Ethnoveterinary medications and their cross-cultural analysis with nearby regions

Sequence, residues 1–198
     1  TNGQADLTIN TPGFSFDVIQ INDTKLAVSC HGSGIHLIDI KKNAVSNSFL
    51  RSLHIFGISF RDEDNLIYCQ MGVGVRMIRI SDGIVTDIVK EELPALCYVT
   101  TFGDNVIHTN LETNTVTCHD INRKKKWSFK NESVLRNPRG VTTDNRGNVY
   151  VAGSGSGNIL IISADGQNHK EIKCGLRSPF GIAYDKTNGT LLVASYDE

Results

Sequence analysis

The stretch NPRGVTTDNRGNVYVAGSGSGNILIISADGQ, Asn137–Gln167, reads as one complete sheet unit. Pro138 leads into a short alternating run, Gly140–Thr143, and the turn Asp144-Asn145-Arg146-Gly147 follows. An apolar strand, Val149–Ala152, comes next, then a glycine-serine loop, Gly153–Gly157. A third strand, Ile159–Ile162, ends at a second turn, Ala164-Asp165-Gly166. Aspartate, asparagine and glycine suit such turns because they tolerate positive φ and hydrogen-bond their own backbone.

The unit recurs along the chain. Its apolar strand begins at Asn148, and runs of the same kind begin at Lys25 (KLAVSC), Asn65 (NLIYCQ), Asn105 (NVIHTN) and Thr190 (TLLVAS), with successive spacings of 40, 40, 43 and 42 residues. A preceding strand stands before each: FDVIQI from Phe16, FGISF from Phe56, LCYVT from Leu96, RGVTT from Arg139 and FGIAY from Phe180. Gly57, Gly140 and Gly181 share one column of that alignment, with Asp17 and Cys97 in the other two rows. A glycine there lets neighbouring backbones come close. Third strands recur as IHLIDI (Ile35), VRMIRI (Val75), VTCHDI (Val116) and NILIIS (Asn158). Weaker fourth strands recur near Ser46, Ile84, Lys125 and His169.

The use of plants for medical purpose to treat a wide array of maladies emanates traces since the recorded history and even before. In our study, 73 plant species belonging to 43 families were documented. Table 2 presents details on the documented medicinal plants including their botanical names, vernacular names, family names, specimen numbers, parts used, medicinal uses, and use reports. Family Apiaceae (7 species) has the high number of individual species used in ethnoveterinary practices followed by Fabaceae (5 species). Other studies have also reported Apiaceae as the dominant plant family being used in traditional medications [37, 46]. The rationale of high use of Apiaceae species in the current study, though based on traditional evidence, may be referred to their chemical constituents such as phenolics, poly phenolics, lectins, alkaloids, terpenoids, and essential oils, which carry antimicrobial potential [47]. Due to the predominance of sheep, goats, cows, and donkeys in the study area, we have specifically recorded the ethnoveterinary practices used for the treatment of these four types of domestic animals. Key informants declared extensive uses of Visnaga daucoides Gaertn. (49 URs), followed by Foeniculum vulgare Mill. (47 URs), Solanum virginianum L. (43 URs), Withania somnifera (L.) Dunal (38 URs), Glycyrrhiza glabra L. (33 URs), and Curcuma longa L. (29 URs) (Table 2). Medicinal plants with high URs strengthen the concept that such species are more significant to the local population and useful in sharing the traditional knowledge with one another in the area. In our study, V. daucoides is used to treat diarrhea, abdominal pain, and retained placenta in domestic animals. The usage mode of ethnoveterinary plant species by one ethnic community is different from other communities due to difference in traditional knowledge [10, 15]. Previous literature has shown that decoction of the fruit of V. daucoides is used during abdominal pain, which is used to enhance body temperature in the study area [21, 48]. In the same way, the F. vulgare is considered as a strong appetite and sedative. In other cultures across the globe, F. vulgare is used for various livestock problems. For instance, this plant is effective in digestion and diarrhea, when mixed with Camellia sinensis, Trachyspermum ammi, ghee, and sugar [6, 21]. Pneumonia is also being treated by giving its seeds to the animals [24], while other uses include galactagogue and ruminative [49]. Various parts of S. virginianum are taken for the treatment of cough, fever, milk production, and pain. There is scarce literature on the use of S. virginianum as galactagogue, which shows the unique use of this plant species in the study area and familiarity of local population through longtime experiences. Published literature has indicated that the plant is also used for wound healing process [20] fever, cough, and intestinal infections [20]. Roots and leaves of W. somnifera are given to sheep, cow, and buffalo for milk production and used as antipyretic and sexual tonic. Indigenous populations comprising of various cultures residing in Lesser Himalayas (Pakistan) use W. somnifera for bovine mastitis [6], while in Ethiopia, this plant is being used to protect animals from bad evils [50]. The plant has carminative effects and is used to remove the flatulence [25]. Additionally, this plant is used as refrigerant and for abdominal pain, digestion, jaundice, skeleton-muscular ailments, and wound healing against sunstroke [26]; for treating diarrhea [22]; for trypanosomiasis [9]; and for anorexia [50]. Informant reported G. glabra as galactagogue and enhances the rate of fertility. Mussarat et al. [22] reported that this plant is culturally used for the treatment of cough by the Indigenous communities residing near the Indus River, Pakistan. However, from the literature, no conclusive evidence was found on the reported uses of G. glabra in our study. Such evidence-based observations could justify the idea of cultural diversity across the regional level in plant remedies. Previous studies related to the human’s uses of G. glabra have demonstrates its effectiveness in the treatment of sex hormone imbalances and menopausal symptoms in women [51]. In the current investigation, rhizome of C. longa is used as antiparasitic and treating genital infection and problems. In other cultures, across the country, the dried rhizome of C. longa is mixed with eggs and given for mastitis [22], jaundice, and skeleton muscular ailments [26]. Decoction of its leaves is mixed sugar, which is used as wound healing agent [6, 19]. A root of C. longa is used for hoof problems and sore joints [52]. In our study, the mustard oil is mixed with whey and is taken orally to relieve abdominal pain. The cultural ethnoveterinary uses from the Lesser Himalayas (Pakistan) include that the oil extracted from B. rapa seeds is utilized for stomach disorders, eye infection, and skin diseases [6]. Furthermore, Brassica rapa L. seeds are used for the retention of fetal membrane, while its oil is effective in treating genital prolepses and sores [53]. This plant is also used in placental retention and mastitis and as antiparasitic [19]; myiasis, mange, and helminthiasis [20]; and flatulence [49]. All these research-based findings showed that the same medicinal plants are being used in different parts of the country; however, their uses differ from area to area and from culture to culture [48]. The ethnoveterinary plants use by one ethnic community is almost different from other communities due to several reasons. To make a comprehensive comparative cultural diversity analysis of plant utilization in ethnoveterinary practices, we have selected a study conducted by Aziz et al. [48] in the FATA region of Pakistan. In comparison, we have found that most widely used medicinal plant species in our study are V. daucoides, F. vulgare, S. virginianum, W. somnifera, G. glabra, and C. longa. While according to Aziz et al. [48], the ethnic communities in South Waziristan Agency are widely utilizing plant species such as B. rapa, Punica granatum, Capparis decidua, Mentha longifolia, Withania coagulans, and C. longa, during comparative analysis, it was found that only 15 medicinal plants were commonly used in both regions for ethnoveterinary practices, which include Acacia modesta Wall, Allium cepa L., Allium sativum L., B. rapa, Calotropis procera (Aiton) Dryand., Cannabis sativa L., Chenopodium album L. C. longa, F. vulgare, Juglans regia L., Nicotiana tabacum L., Peganum harmala L., Quercus oblongata D. Don, Trachyspermum ammi (L.) Sprague, and V. daucoides. Certain variations in the utilization of these plants and their parts were observed in both areas. For instance, the bulb of A. cepa is used as galactagogue by Waziristanian communities while in Bajaur, it is used to treat digestive problems. A. sativum is utilized for genital prolapsed while the same plant is used as sexual tonic for animals in Bajaur Agency. The seeds of B. rapa are widely used as appetizer and tonic and for cough, seasonal allergies, stomach disorders, and skin infections in South Waziristan Agency, while in the other region, it is used only against gastro-intestinal disorders. The Indigenous communities at South Waziristan Agency consider the leaves of C. procera useful in joint pain while on the other side, the residents of Bajaur Agency used the latex against skin problems. C. album is used for wound healing and flatulence at Waziristan while as stomachic at Bajaur Agency. J. regia is given for the retention of placenta at Waziristan while gastric problems in Bajaur. P. harmala is extensively used for gastrointestinal problems, as antiparasitic, and for skin diseases by Waziristanian communities, while it is used only for the riddance of external parasites in Bajaur. The possible reason for low consensus of the two regions in ethnoveterinary medicinal plants may be due to unique vegetation and distinct socio-cultural values.